“Yes, sir, but I want to go inside to see her. I want her to sing happy birthday to me because it’s my sixth birthday today. Mama said that it was my special day and if I made a wish, it would come true. My wish is to see Nene now. That’s all I wish for on my special day.”
Daddy picked me up and started walking toward the barn. When we got to Mama, she and Daddy hugged with me in the middle. We all stood there crying, but I didn’t really understand why until Daddy explained it to me again. That was the day I learned how it feels to lose someone you love very much. Yes, Nene went to heaven, but Mama told me that if I kept her in my heart, she would always be with me.
Well, I never did have that six-year-old birthday party. I guess Mama and Daddy were too busy with Nene’s funeral and taking care of Pop to celebrate it with me. They probably forgot about it, but I was okay with it because, party or no party, I was still a big boy—I was now six years old!
I remember going to Pop’s house every day over the next two weeks to make sure he was okay. I would sit on his lap in that old rocking chair, but he no longer told me stories after Nene went away. We just sat still with Pop staring off into the distance. It was as though he wasn’t there with me anymore. When I tried to talk to him, he just glanced down at me for a brief moment, but the warm glow he used to have in his eyes was no longer present. His eyes seemed so empty, as if his reasons for living were no longer there. However, each time a lightening bug flashed its light at us, I saw Pop smile. Then he would say, “Hello, Nene! I miss you so much! I’m looking forward to being by your side again—the way it used to be.”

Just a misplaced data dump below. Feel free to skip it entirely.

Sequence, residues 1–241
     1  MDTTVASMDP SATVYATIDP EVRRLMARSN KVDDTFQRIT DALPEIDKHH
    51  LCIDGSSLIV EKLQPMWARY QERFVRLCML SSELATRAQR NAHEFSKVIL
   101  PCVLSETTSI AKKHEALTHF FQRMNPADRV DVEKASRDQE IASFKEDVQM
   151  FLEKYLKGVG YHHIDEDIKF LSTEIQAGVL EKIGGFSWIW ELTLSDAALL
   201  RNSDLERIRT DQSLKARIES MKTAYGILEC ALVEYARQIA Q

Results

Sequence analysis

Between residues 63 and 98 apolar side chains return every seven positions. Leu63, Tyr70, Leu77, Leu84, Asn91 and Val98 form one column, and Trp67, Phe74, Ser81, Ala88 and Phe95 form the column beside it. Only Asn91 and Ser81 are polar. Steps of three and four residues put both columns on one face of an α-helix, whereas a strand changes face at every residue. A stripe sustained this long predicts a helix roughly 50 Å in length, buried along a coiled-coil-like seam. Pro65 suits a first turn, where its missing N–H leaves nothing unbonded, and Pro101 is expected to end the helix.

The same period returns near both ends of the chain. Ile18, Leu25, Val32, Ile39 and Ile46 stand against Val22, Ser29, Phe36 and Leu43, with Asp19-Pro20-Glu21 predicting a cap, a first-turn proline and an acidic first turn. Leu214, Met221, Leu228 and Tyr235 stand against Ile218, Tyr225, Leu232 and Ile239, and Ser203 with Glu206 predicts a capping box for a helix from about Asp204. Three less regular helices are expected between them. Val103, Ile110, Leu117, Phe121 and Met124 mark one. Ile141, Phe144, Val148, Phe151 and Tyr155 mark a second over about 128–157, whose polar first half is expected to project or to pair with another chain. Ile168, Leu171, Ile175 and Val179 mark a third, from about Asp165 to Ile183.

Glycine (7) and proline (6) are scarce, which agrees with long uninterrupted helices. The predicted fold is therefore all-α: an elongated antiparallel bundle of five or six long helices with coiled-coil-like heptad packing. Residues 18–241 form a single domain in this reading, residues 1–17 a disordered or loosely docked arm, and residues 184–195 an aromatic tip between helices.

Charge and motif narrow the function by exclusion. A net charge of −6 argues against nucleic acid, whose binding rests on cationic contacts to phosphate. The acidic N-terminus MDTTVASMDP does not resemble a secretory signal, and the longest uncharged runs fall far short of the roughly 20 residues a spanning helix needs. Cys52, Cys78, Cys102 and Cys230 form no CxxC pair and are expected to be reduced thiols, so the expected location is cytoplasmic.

Early into the third week after Nene went to heaven, Mama came to me crying once again. Based on my recent experience with Nene going to be with Jesus, I knew something was surely wrong. However, nothing could have prepared me for what she said to me that day.
“Taylor, I have some sad news to share with you, and I hope you will understand. Pop went to heaven to be with Nene today. Do you understand what I’m saying?”
I understood very well what she meant this time. We hugged and wiped away many more tears that day. I knew the weeks to follow were going to be very tough. I always thought I was the big boy Dad told me to be, but I cried a lot during those long weeks. Two people who I loved dearly were now up in heaven with Jesus, but I knew they were still watching over me because I was carrying them in my heart, as Mama told me I could do.
Mama and Daddy took care of selling the farm and most of Nene and Pop’s possessions because we didn’t have room to store them in our little house. The only things I asked to keep were the two old rocking chairs sitting on Nene and Pop’s front porch. Mama and Daddy finally agreed to let me have both of them, and I am very grateful they did.